By Robert Felner*
The Canadian government is now freezing the bank accounts and personal assets of those who made donations to support the Freedom Convoy, which is an organized political protest against vaccine mandates. The Deputy Prime Minister has announced that they will retain these so-called emergency powers permanently in the future and will also seek to implement additional measures to further restrict the ability of political protesters to raise funds or use the banking system.
This points to the need to eliminate state control over money, at least in societies that wish to remain free. As stated in a fascinating twitter thread, constitutional rights become meaningless if there is no practical way to exercise them. The rights to free speech and the right to assembly are of little use to those who do not have access to their money. Organizing a meeting requires being able to cover travel costs. Exercising free speech rights, at least if one wishes to do so effectively, requires at least some funding to ensure that the message reaches a wide audience.
Prime Minister Justin Trudeau understands this fact, which is why his administration chose to freeze the bank accounts of those directly involved in the protest, as well as those who simply made a donation to help support the protest efforts. When an equally power-hungry tyrant seeks to do the same here in the United States, the Constitution will be utterly powerless to stop them. Good luck mounting an effective protest against an unjust and tyrannical government without access to money or the banking system.
It is therefore necessary that the Americans begin to take the necessary measures to ensure that such tyranny cannot come here. While the ultimate solution will require finding a path to free market money, the Canadian experience clearly shows that it is too risky to simply wait for that to happen.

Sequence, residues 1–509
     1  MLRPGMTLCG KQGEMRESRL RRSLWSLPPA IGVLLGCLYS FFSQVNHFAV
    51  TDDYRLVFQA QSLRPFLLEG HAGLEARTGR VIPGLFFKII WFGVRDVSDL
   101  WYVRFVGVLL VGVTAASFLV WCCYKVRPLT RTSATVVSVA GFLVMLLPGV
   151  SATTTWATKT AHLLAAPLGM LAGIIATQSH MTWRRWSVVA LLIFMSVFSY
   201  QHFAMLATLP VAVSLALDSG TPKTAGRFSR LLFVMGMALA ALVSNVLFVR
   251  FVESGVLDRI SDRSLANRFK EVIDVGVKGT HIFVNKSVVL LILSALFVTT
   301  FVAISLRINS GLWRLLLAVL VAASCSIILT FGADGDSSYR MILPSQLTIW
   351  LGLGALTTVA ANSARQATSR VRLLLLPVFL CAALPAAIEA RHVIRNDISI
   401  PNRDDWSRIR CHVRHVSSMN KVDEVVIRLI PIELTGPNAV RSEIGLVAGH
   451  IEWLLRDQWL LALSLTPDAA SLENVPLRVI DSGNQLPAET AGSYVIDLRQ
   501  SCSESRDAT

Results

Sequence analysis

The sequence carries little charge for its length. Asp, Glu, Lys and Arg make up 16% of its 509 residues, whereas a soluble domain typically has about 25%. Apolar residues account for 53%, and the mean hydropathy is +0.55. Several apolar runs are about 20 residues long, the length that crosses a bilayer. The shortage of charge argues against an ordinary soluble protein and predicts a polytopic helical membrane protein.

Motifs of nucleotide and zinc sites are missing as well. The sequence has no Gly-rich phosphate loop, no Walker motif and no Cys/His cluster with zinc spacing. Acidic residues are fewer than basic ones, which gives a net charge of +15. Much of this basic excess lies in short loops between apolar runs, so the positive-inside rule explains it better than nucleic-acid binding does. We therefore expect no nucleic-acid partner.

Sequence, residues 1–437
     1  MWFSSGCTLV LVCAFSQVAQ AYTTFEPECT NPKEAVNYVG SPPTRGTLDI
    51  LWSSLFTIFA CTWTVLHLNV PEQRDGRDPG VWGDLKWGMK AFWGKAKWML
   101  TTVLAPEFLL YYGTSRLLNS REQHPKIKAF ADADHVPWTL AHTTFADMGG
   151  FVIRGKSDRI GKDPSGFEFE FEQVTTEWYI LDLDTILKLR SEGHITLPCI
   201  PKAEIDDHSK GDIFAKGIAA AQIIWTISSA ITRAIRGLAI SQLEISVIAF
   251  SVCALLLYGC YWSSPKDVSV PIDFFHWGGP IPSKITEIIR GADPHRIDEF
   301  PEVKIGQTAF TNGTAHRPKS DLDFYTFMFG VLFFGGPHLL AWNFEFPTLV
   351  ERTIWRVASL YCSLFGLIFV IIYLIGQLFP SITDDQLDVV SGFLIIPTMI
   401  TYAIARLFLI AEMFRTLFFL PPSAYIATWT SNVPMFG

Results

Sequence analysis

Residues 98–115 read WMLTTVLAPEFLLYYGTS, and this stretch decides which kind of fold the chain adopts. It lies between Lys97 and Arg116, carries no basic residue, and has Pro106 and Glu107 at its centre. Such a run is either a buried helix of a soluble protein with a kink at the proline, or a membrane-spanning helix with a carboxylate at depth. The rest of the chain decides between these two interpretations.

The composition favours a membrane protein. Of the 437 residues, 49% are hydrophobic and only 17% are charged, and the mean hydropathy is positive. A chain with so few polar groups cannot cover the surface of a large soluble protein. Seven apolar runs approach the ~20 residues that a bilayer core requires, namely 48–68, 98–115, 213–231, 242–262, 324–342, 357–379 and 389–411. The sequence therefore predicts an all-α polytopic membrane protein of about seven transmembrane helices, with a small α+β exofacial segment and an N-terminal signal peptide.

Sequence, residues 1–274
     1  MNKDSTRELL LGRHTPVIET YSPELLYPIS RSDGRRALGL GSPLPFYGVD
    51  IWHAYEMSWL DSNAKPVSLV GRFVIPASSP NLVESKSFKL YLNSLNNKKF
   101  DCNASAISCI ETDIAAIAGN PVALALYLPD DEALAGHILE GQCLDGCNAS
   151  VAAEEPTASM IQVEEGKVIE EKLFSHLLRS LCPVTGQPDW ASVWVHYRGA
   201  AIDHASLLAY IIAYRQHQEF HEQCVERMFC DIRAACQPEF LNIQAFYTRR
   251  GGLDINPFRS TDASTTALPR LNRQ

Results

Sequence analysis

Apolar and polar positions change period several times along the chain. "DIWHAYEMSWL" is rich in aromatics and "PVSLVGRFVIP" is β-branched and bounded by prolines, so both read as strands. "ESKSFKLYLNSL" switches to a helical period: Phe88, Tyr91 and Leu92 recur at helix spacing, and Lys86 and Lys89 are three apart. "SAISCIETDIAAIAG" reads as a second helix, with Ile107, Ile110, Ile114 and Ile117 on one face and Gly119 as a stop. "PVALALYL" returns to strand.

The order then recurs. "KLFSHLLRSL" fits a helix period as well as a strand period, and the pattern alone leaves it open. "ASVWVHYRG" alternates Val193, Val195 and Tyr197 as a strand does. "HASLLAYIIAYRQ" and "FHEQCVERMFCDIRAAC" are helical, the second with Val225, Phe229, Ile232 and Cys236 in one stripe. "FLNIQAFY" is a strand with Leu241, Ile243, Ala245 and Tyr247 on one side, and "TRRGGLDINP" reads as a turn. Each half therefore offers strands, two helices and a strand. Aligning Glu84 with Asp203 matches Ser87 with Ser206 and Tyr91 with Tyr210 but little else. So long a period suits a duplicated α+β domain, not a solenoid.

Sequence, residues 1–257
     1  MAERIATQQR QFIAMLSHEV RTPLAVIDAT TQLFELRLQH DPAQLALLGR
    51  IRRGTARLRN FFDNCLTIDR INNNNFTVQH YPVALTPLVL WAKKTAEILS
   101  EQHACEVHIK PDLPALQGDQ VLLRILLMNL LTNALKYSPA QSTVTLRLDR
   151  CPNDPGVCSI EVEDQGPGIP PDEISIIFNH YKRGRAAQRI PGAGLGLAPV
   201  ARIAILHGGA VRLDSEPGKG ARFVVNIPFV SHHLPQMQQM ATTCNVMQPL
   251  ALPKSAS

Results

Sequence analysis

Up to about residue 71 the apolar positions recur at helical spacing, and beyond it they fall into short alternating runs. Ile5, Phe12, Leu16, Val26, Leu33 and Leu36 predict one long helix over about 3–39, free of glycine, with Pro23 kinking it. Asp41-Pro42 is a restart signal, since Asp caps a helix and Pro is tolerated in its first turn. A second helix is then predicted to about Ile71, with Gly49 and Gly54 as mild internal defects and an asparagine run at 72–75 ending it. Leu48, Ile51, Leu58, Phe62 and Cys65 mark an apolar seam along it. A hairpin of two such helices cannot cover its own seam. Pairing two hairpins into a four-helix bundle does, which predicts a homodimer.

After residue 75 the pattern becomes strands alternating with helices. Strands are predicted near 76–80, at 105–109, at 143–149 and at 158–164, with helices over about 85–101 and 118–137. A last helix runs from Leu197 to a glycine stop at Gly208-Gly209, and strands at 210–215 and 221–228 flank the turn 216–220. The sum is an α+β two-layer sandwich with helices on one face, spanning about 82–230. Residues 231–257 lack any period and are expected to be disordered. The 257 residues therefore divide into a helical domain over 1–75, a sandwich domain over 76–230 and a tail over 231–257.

In the meantime, more needs to be done to immediately end the government’s war on money. A future president and Congress can achieve this by demanding that the U.S. Treasury begin printing $500 and $1,000 bills immediately, to compensate for the loss in purchasing power that has occurred since the Treasury officially gave up. these higher denomination notes in 1969. There should also be a requirement that new, higher denomination notes be introduced when needed to offset the effects of inflation. In other words, when the cumulative effects of inflation inevitably produce another 50% decline in the value of US currency, the Treasury should also be required to automatically introduce a $2,000 bill into circulation, for example. This is necessary to ensure that the basic right of Americans to access cash is not eroded by the silent, but incredibly pernicious, effects of inflation. And while the practical value of this reform is admittedly modest, its main value lies in what it accomplishes in terms of reframing the debate about the nature of money and the state.
In other words, it is much easier for a government to implement the totalitarian measures currently on display in Canada when the population already concedes that the state has the right to monitor banking transactions and considers unmonitored transactions to be synonymous illicit activities. Merely protecting the right to access physical money is therefore an inherent rejection of this view and rather signals an acknowledgment that Americans have a right to money and banking services, especially forms of money difficult for the government to control. And successfully moving the Overton window in this way would greatly increase the likelihood of passing more substantial reforms, like repealing the Patriot Act and other bank oversight laws.
So while we await the widespread adoption of an alternative to government-controlled money, whether in crypto or elsewhere, those who believe in freedom should consider making the reintroduction of high-denomination notes a political priority. The level of oppression currently displayed in Canada clearly shows that we must do everything possible to prevent the same from coming here.
*About the author: Robert Fellner is Director of Transparency Research at the Nevada Policy Research Institute.
Source: This article was published by the MISES Institute